The 2010 Census is rapidly approaching in April 2010. Chicago Commons is teaming up with two other neighborhood organizations — La Casa Norte, and Humboldt Park Social Services – to increase response rates in the 2010 census in neighborhoods where the response was very low in the year 2000. Our work is supported by a “Count Me In” grant through the Illinois Census Funders Initiative.
Through aggressive neighborhood outreach, we are going to reach people BEFORE they get their census form so they understand its importance.
Here are some of the answers to the kinds of questions we often hear about the Census:
Will the 2010 Census be the same as before?
No, there are some important changes:
• 2010 Census will be short form only—just 10 easy questions.
• the long form is now part of the annual American Community Survey.
• handheld computers with Global Positioning System (GPS) will be used to check the address list in 2009.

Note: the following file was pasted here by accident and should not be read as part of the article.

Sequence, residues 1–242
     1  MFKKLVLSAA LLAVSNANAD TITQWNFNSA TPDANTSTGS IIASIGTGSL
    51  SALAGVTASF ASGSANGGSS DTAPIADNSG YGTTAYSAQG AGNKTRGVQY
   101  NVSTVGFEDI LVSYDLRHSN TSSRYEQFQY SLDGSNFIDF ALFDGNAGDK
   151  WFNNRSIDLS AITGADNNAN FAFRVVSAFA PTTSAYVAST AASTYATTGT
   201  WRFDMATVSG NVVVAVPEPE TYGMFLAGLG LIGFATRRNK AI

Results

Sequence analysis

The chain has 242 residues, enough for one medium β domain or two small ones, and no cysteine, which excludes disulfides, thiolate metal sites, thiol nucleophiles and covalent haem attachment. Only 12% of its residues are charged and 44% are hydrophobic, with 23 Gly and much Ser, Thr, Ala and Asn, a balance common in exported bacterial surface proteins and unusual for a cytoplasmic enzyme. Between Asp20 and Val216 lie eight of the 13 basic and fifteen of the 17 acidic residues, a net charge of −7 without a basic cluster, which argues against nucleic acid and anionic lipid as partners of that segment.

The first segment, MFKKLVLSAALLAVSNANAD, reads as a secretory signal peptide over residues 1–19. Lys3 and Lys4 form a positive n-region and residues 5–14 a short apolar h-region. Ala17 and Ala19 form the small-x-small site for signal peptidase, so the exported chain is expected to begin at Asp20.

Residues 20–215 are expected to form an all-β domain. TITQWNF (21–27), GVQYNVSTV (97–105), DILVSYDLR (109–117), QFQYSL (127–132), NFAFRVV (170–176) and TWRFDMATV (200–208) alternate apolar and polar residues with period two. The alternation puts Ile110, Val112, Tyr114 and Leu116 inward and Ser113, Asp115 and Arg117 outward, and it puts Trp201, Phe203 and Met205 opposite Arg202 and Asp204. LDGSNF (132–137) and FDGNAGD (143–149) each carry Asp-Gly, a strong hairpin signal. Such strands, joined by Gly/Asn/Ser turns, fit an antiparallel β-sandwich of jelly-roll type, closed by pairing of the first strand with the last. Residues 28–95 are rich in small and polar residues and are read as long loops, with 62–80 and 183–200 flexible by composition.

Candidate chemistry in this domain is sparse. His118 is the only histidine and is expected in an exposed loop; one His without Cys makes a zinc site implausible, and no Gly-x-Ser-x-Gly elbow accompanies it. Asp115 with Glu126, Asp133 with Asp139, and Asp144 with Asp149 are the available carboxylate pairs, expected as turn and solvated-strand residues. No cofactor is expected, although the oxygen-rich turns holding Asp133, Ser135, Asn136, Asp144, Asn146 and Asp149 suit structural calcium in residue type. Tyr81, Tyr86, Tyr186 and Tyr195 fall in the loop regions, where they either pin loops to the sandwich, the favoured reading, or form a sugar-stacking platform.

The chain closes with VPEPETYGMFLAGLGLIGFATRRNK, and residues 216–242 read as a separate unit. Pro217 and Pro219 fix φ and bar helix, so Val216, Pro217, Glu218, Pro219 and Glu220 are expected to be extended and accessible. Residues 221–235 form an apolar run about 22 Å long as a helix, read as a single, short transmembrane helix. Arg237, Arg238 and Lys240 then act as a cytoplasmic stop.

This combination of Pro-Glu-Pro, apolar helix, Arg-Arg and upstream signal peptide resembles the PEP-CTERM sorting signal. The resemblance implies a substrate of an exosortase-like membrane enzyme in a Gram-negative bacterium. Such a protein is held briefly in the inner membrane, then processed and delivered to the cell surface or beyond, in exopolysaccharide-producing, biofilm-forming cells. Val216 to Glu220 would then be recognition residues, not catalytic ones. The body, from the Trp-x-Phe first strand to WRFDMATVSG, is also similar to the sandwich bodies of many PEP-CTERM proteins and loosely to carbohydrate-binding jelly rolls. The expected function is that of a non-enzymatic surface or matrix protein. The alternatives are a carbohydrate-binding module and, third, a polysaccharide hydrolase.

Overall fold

How is Census data used?
The federal government uses population data to allocate congressional seats along with funds to your community in a number of areas:
- Head Start programs
- Women, Infants, and Children (WIC) (food grants)
- Public transportation
- Programs for the elderly
- Emergency food and shelter
- The data help the private sector as well as state and federal governments determine where jobs and job programs are needed.
- Corporations use population data for market research to determine locations for commercial enterprises, such as food stores, pharmacies, and other essential services.
- It is NOT used to identify specific households, all household information is confidential for 75 years.
What you can do to make sure your community is counted:
Identify organizations in the community that can provide space for Questionnaire Assistance Centers and will serve as a Be Counted site.
Hold a meeting with leaders of the organizations and solicit their help in creating a census awareness campaign targeted for community residents.
Distribute/post fliers announcing the delivery of the census questionnaire at busy locations in the community.
Encourage residents to complete and mail back their census questionnaires.
Plan a Census Day event to motivate community response.
Remind residents if they don’t mail back their questionnaire a census worker may come to their home. Encourage residents to cooperate with census workers.